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Free-range chicken farming a success in remote Viet Nam

©IFAD/Minzayar Oo/Panos

At first, when Nguyen Thi Bich decided to try her hand at highland chicken farming, she didn’t quite know what to expect.

She was no stranger to raising chickens. She’d grown up on a small farm, and she had always helped her family where she could. But they’d always struggled to keep their animals healthy, leaving them with just enough for themselves – and an almost non-existent income. It had always been like that for other households in the area, too.

Then in 2015, the IFAD-supported SRDP project came to Thanh Son, her small hamlet in the Quang Binh province of Viet Nam. The SRDP had a plan for highland chicken farming, a model that makes use of the extensive hills and forests in the area. It seemed to be an ideal fit for the project’s goals: to help small-scale farmers in her region adopt sustainable agricultural techniques that could protect the local environment while also being scalable enough to eventually help them join larger value chains.

But, as one of the first farmers in her area to join the project, Nguyen Thi Bich started small. With the SRDP’s help, she invested some money and began raising chickens in her three-hectare garden on a hillside.

She raised about 500 chickens at first. After about three months, they had grown well and adapted to the local environment, and she was able to sell them for about VND 20 million (US$919.00). Having realized the economic potential, she decided to invest in raising a bigger flock. At the Lunar New Year in 2017, her family sold about 1,000 chickens, weighing between 1.5 tonnes and 2 tonnes in total and bringing in a profit between VND 40 million and VND 50 million (about US$1768 to US$2200).

Nguyen’s success has only grown from there. After years of persistently following this model, her family can afford to raise three batches each year, with more than 1,000 chickens in each batch. They have moved up into the middle class, and her children now have access to a proper education.

Not far from Nguyen’s residence lies the house of Nguyen Thi Hoai Duc. Nguyen Duc now follows the same highland model, but on a smaller scale. And like many in the area, she has also seen her family’s income increase substantially.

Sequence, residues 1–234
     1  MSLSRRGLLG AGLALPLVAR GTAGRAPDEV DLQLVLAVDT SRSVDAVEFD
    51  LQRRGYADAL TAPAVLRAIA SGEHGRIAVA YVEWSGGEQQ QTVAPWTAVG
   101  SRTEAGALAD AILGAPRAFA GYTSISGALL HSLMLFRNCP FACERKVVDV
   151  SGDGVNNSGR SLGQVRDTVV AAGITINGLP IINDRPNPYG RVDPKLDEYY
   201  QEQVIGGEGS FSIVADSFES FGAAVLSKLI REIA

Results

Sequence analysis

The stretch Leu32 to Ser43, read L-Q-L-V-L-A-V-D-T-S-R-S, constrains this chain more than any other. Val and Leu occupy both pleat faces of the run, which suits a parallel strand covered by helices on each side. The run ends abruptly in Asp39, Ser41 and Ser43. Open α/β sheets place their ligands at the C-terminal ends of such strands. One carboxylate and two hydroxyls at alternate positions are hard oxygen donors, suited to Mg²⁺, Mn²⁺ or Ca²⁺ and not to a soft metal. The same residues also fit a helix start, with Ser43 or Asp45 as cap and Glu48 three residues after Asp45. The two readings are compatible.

“I noticed that Nguyen and some other households were raising chickens quite leisurely and still managing to earn a lot of money, so my husband and I decided to invest in this chicken farming model as well,” she says.

Sustainable Rural Development for the Poor Project in Ha Tinh and Quang Binh Provinces (SRDP) - November 2017 ©IFAD/Minzayar Oo/Panos

Soon, more and more villagers began adopting the model – and they quickly formed themselves into a cooperative, with Nguyen Thi Bich and Nguyen Duc among the key members. With support from the SRDP, they put together a long-term business plan and signed a contract to supply seedling chickens and purchase products from large livestock enterprises. As a result, the group’s production and business activities have expanded rapidly.

Nguyen Thi Bich attributes their success to maintaining high standards. The chickens are allowed to roam freely for much of the day, feeding on maize, insects and natural grasses. This keeps the chickens healthier – and the investment costs much lower – than in typical industrial chicken farming. This free-range lifestyle also produces higher-quality chicken meat that, research has shown, many customers prefer over industrially raised chicken.

Today, the cooperative has 14 members. Twelve of them, including all four founders, are women. The members raise an average of three batches of chickens per year. Each participating family typically raises about 1,000 chickens per batch, which – assuming all the chickens are healthy – translates into a total group income of about VND 380 million (around US$16,000). With SRDP’s help, the cooperative has also been able to re-invest some of these proceeds into key upgrades, such as repairing and building new breeding facilities, that have helped them improve their production even further.

Thanks to this income, the households participating in the cooperative have seen their economic standing improve significantly. To date, two of the five participating households have officially transitioned out of poverty, and the other three households now have substantially larger incomes too.

The cooperative’s success has also caught the attention of regional agricultural groups.

“This chicken raising model is contributing significantly to the growth of the agricultural field. This confirms that this is an efficient commodity production model that helps to develop the social economy in Quang Binh,” says Le Cong Toan, chair of the Quang Binh Farmers' Association. “Lands are utilized, more jobs are created to increase income for labourers and poverty is reduced while also enriching people’s lives.”

For Nguyen Thi Bich and the other residents of Thanh Son, this is a very welcome change.